Let these artists transport you into other worlds through their work, changing the way you see things in this world.
By Kay Lynn Chua
From subject matter to concepts, an artwork can not only take us to other worlds but allows us to see different perspectives. In conjunction with the George Town Literary Festival 2019, we too celebrate diverse stories, but this time from the visual art scene. Here are 5 local talents who create vivid worlds with strong narratives and characters.
Julius Raja Manickam creates artwork as an act of catharsis to express ideas, narratives, and concepts. Better known as Kangblabla, the fictional characters he’s known for are not only a means of self-expression but are also a way to get closer to understanding his role in existence.
Julius’ characters appear in his comics, wooden toys and pixel art. In 2018, he released a comic titled Episode 0: The Celestials – Before The Beginning, a prelude to the creation of the main character Kangblabla and the events that set the ball rolling to what he calls an “unfolding saga”. While his readers are hung by a thread waiting for future episodes to be released, Julius teases them with new characters from his other projects like Pixel Art and most notably Kebab Toys, a series of hand-carved wooden toys with their own backstories. Amongst these are characters that may jump between the multiverse of Julius’ illustrations, paintings, pixel art and wooden toys, transporting us along with them as they go through one adventure after another.
2. Eng Hwee Chu
Hailed by some as one of Malaysia’s most promising contemporary women artists, Eng Hwee Chu graduated from the Malaysian Institute of Art and was the winner of the Phillip Morris ASEAN Art Awards 1994.
Her visually expressive paintings, much like the work of Frida Kahlo, narrates her thoughts and experiences as a woman. With themes of inner struggle, culture, tradition and change, Eng’s work is a diary of her feelings portrayed through magic realism. In Prospect, a red female figure rides a horse, a symbol of unfulfilled desire taken straight from Eng’s childhood, when she yearned for a rocking horse but could not have one. “I would like to portray the world the way a woman sees it,” Eng says and indeed, dissecting her work is like diving into the deep, complex universe of womanhood. Be prepared for the ride!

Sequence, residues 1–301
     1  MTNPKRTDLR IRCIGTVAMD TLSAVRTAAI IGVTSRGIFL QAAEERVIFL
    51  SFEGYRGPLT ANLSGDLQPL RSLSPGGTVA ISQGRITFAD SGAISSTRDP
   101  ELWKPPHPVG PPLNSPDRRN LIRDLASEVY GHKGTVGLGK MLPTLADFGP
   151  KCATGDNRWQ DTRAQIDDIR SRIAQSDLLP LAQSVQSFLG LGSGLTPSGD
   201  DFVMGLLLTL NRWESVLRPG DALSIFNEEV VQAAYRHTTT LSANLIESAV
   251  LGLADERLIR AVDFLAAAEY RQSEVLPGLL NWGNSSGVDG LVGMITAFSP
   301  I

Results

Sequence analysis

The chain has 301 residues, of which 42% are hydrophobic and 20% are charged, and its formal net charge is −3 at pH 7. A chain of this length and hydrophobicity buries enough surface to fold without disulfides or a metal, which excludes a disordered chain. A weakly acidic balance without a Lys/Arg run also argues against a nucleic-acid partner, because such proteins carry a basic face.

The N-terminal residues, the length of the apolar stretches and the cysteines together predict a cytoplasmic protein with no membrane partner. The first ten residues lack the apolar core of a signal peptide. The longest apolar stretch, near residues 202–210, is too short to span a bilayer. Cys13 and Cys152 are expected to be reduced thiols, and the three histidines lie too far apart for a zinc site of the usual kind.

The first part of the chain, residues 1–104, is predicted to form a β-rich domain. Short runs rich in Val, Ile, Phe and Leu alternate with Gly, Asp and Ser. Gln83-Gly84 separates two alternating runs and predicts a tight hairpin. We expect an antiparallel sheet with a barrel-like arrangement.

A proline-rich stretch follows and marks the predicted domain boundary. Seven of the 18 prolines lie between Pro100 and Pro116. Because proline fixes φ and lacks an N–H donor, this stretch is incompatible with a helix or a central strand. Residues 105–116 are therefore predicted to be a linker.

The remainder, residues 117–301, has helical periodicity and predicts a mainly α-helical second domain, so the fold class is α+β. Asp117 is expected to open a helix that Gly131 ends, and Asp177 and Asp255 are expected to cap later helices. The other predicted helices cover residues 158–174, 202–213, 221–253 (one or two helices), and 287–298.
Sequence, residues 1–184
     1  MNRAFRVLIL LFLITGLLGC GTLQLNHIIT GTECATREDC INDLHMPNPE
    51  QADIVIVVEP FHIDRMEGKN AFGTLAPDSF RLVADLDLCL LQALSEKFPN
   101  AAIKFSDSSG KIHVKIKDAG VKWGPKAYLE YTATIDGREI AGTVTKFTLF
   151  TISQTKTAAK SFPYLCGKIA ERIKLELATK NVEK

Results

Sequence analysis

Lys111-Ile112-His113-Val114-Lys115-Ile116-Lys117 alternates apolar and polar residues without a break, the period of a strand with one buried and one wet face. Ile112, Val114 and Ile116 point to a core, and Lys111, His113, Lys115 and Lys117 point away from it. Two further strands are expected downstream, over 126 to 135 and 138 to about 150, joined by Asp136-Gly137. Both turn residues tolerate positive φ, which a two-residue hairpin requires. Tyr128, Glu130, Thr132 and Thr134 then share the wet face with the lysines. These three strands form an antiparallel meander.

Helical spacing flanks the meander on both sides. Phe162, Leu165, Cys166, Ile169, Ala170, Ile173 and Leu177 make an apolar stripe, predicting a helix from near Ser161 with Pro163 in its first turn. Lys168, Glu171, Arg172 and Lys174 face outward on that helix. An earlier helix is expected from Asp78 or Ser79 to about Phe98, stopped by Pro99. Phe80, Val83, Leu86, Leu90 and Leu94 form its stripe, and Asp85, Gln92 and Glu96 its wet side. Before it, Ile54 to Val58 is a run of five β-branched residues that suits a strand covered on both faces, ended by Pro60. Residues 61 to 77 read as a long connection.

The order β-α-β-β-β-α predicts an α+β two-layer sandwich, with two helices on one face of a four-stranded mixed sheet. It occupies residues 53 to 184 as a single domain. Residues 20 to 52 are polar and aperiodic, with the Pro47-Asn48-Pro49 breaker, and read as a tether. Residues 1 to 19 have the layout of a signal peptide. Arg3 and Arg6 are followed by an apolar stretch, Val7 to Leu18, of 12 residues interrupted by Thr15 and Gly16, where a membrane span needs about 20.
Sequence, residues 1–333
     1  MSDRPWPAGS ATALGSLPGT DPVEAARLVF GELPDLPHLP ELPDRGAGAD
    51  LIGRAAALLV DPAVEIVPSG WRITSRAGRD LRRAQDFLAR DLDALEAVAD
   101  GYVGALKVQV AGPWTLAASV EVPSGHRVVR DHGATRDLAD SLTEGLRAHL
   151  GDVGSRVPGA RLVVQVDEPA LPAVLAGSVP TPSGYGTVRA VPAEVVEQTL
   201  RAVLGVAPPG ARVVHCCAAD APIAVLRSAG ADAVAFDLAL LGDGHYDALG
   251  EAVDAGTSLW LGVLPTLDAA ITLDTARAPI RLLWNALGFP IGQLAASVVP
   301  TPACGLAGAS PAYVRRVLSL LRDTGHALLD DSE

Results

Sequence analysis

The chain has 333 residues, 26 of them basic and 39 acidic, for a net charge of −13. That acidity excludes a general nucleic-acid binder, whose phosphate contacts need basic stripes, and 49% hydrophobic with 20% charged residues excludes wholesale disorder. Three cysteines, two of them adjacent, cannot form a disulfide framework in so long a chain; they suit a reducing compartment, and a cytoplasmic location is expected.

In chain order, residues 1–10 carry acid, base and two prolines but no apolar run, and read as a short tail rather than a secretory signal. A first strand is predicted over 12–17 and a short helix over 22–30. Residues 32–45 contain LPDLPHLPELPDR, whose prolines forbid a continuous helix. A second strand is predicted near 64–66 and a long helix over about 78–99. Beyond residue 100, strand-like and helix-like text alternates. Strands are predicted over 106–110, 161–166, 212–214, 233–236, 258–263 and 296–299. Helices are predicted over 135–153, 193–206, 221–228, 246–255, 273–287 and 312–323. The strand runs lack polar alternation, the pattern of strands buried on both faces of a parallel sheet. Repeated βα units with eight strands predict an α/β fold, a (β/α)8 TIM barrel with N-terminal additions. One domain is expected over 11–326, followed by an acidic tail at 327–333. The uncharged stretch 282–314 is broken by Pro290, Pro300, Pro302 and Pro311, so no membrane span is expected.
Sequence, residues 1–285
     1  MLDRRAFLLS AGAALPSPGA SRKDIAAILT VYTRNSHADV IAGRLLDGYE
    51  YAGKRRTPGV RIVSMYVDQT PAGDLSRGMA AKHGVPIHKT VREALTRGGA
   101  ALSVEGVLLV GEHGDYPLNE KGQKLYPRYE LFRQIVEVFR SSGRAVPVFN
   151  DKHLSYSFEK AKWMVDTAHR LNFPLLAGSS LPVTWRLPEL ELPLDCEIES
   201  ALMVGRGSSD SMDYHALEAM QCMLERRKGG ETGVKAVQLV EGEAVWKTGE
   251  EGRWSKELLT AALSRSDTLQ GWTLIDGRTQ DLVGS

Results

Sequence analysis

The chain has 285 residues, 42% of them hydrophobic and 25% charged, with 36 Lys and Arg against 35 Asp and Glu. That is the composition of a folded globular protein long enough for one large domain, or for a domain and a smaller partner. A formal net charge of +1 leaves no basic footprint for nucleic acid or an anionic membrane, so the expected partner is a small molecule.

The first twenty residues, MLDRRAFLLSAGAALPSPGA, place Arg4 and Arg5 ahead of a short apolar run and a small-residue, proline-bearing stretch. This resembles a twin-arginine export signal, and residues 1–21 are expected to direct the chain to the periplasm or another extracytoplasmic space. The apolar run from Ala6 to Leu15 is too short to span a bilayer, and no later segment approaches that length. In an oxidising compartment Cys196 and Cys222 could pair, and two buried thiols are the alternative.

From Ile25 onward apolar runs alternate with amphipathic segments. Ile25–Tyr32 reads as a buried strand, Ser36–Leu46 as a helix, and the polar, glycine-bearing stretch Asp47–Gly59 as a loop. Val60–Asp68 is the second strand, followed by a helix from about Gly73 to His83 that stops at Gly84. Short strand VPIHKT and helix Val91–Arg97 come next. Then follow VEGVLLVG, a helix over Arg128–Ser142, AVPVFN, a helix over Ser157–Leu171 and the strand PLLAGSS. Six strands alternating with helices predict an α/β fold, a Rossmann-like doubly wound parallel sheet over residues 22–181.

3. Black Project
Space Junk #12, 2018
Hao Yuan Cheng, working primarily as Black Project, is a Penang-based artist and illustrator. As someone who loves to experiment with genres and schools of thought, it is no wonder that his works are diversified across illustrations, paintings, sculptural works, installations and mixed media.
In his recent Space Junk exhibition at Ome by Spacebar Coffee, Cheng showcased his ballpoint pen drawings and 3D wire sculptures, taking viewers into a chaotic future world. Based on the concepts of abiogenesis and animism, he was inspired to construct creatures which appear to be made out of old machinery, gun turrets, cables and space suits.
Although his creative themes lie mostly in technology and the future, Cheng also takes inspiration from nature, streetwear and both traditional and contemporary design trends.
4. Rociel Sama
A whale pulls a boat up above the clouds, a house in the sky with a view of a ferris wheel. These are all scenes from Rociel Sama’s artwork. With a four-year artist career behind her, Sama is also a singer, model, and host. The multitalented Malaysian artist, who currently resides in Kuala Lumpur, maintains her dream-like aesthetic throughout her digital renditions of paintings.
Drawing from the subconscious and dreams, Sama believes that her surrealistic work is best when it succeeds in telling a story or generating an immediate visceral response from the viewer.
5. Shafiq Nordin
Quietly, the Hyena Laughs (The Prize Fighters), 2016
Shafiq Nordin started out as a young child drawing comics and copying cartoon characters from the TV screen onto torn pages from his textbook. Today he has gained recognition in and outside of Malaysia as an award-winning pop surrealist.
From a painting of a two-headed chameleon to a missile-launching hippo, Shafiq Nordin constructs the most absurd characters and imaginative scenarios in his paintings. Beyond the comical absurdity, Shafiq’s artworks serve as metaphors to voice out pressing issues of capitalism, imperialism and other negative sides of the human condition. The artist asks us to recognize the ‘beast’ in us in order to self-reflect and change the way we live in society.
Whether it is machinery coming to life or pixel art superheros, the different narratives illustrated by artists provide an escape for the viewer to experience new worlds and rethink old perspectives.
Images courtesy of the artists
Cover photo: AURIGA, by Black Project, 2015
Kay Lynn Chua studied fine arts and in addition to writing, is a business development executive at a gallery in Kuala Lumpur.